Alec Asher pitched for the Bowie Baysox in the first round of the Eastern League playoffs yesterday. He pitched 1.2 innings, gave up 5 hits and 3 earned runs, racking up a 16.20 ERA for his efforts. The Baysox lost 8-4.
What I don’t understand is why was he pitching for us in the first place? Asher pitched in only 34 games all season, none of them with Bowie. The time he spent in the minors this year was with the Orioles AAA affiliate, the Norfolk Tides. And he only pitched in 10 games with them.
Was Asher our consolation prize for the O’s taking Austin Hays from us right before the playoffs? I wouldn’t begrudge Hays his MLB playing time, but we’d like to have him for the playoffs.
The Baysox have lost the first two games of the 5-game series to the Altoona Curve. The series continues in Altoona tonight.
I’m not sure when LEGO Everything became a thing, but it seems in addition to LEGO Superheroes and LEGO Star Wars characters, there also are LEGO baseball players. This became abundantly clear when the LEGO Play Ball Tour came to Prince George’s Stadium this week. In addition to having LEGO figures along the concourse and LEGOs for kids to build and create with, we also had the LEGO Baysox Starting Lineup on the scoreboard. (With the exception of the number 7 batter, Chris O’Brien. For some reason, Chris didn’t get his own LEGO character.) Let’s go (LEGO) Baysox!
I’ll post more later, but this is great coverage from the West Michigan Whitecaps:
There’s nothing like fireworks at a minor league baseball park on the 4th of July! Enjoy!
Jake the Diamond Dog was popular on social media this week:
MiLB shared this today, so I thought I’d pass it along…
The other day there was an article in Baseball America about crazy/silly baseball team names. Such names, the article argues, are tradition in the minor leagues. Names like the Flying Squirrels, the Baby Cakes, and the Fisher Cats get us wondering what it’s all about. I’ve noticed that several folks have read my post on the Hartford Yard Goats, so I thought maybe it’s time to start looking up some other teams and reporting on the origin of their names – starting with the New Hampshire Fisher Cats.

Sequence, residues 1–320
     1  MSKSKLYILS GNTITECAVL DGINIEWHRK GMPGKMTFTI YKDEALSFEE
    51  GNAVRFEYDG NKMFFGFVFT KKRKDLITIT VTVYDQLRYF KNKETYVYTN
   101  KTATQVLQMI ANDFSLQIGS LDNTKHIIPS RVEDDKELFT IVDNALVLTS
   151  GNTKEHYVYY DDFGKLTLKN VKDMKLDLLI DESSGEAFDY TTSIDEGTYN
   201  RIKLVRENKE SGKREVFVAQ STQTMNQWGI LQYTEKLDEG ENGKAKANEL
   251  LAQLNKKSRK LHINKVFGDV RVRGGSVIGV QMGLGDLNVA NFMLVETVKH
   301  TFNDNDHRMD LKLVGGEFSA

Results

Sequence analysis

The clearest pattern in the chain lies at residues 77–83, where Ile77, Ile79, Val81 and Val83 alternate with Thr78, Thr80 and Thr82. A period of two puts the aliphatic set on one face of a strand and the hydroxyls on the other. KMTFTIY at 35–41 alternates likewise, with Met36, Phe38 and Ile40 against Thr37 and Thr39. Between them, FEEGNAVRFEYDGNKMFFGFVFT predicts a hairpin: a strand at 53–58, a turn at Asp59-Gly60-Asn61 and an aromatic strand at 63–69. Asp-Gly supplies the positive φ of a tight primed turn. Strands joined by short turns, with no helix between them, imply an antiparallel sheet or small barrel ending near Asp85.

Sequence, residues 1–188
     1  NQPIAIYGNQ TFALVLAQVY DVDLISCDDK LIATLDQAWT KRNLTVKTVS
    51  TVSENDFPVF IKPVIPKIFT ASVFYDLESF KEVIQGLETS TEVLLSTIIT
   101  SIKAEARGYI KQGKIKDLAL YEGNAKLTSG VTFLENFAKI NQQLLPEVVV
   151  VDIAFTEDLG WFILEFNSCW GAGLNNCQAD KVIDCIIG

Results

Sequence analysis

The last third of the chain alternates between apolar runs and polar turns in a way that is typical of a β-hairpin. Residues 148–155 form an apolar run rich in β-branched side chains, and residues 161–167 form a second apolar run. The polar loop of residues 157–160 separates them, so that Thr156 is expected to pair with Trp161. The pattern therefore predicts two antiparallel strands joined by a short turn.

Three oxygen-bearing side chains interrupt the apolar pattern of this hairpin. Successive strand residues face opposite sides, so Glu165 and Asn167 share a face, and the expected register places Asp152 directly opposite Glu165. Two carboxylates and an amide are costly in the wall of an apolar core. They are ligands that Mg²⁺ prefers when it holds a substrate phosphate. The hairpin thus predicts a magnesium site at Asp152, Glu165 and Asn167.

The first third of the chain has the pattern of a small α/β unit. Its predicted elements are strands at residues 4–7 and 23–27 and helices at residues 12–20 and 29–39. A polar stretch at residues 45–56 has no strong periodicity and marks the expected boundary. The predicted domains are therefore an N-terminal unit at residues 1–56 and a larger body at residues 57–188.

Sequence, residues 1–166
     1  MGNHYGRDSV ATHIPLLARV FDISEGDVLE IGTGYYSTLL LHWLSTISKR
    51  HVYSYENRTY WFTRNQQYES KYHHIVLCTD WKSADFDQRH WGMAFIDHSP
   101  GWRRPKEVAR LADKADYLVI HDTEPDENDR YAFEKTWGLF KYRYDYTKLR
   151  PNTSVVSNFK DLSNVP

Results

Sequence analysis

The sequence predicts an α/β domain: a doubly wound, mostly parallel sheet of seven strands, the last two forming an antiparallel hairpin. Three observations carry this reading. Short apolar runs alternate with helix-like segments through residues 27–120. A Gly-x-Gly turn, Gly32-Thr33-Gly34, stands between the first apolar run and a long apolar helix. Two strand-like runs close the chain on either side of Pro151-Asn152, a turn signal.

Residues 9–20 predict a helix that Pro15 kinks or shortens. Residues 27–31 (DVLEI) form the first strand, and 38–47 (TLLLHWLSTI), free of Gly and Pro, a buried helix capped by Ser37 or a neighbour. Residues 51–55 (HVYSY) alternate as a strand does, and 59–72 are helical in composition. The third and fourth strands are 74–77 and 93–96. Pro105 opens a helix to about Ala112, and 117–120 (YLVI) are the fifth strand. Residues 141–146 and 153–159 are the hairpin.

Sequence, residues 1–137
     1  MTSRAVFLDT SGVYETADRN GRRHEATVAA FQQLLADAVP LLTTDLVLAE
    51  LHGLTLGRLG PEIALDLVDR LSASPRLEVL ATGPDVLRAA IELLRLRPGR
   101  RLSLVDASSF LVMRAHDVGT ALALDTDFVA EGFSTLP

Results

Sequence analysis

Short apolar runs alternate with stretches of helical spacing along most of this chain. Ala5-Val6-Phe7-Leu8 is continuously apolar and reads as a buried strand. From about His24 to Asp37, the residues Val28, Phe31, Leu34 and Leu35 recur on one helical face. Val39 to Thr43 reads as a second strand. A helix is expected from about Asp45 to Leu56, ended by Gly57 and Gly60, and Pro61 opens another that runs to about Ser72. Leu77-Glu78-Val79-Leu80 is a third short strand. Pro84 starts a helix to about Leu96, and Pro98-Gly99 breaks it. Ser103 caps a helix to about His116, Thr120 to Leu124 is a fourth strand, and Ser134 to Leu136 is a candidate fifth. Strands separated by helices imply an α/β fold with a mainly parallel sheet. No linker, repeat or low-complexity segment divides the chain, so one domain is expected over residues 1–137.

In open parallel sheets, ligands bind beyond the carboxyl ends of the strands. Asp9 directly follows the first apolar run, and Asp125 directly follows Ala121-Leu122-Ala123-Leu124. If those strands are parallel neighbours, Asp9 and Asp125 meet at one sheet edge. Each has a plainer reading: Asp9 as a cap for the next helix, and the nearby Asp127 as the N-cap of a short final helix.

So, what’s a Fisher Cat, anyway?
Last year, during my first visit to see the Fisher Cats, I asked the guy in the gift shop if a fisher cat was a real thing. He assured me it was – but he had a little trouble explaining it. So I did what I always do: I Googled it. Fishers – as they are properly called – are North American mammals that are part of the weasel family. And they are really cute – which is probably why they are sometimes referred to as Fisher Cats. (It also has a nice ring to it and makes a great baseball team name.)
When the New Haven Ravens moved from Connecticut to Manchester, New Hampshire, after the 2003 season, ownership decided to get fan input into the new team’s name. A contest was held and the New Hampshire Fisher Cats were born.
Fishers have been long-time residents of New Hampshire and neighboring states, though they haven’t always been understood. According to New Hampshire Public Radio, “Fishers are secretive, solitary and keep to the forest—silently. Silence helps them maintain stealth. Their only known vocalizations are low chuckling and an occasional hiss or growl.” It must be that stealth that helps them win ballgames!
I’ll be attending a Fisher Cats game this week at Delta Dental Stadium in Manchester, NH. Go ‘Cats!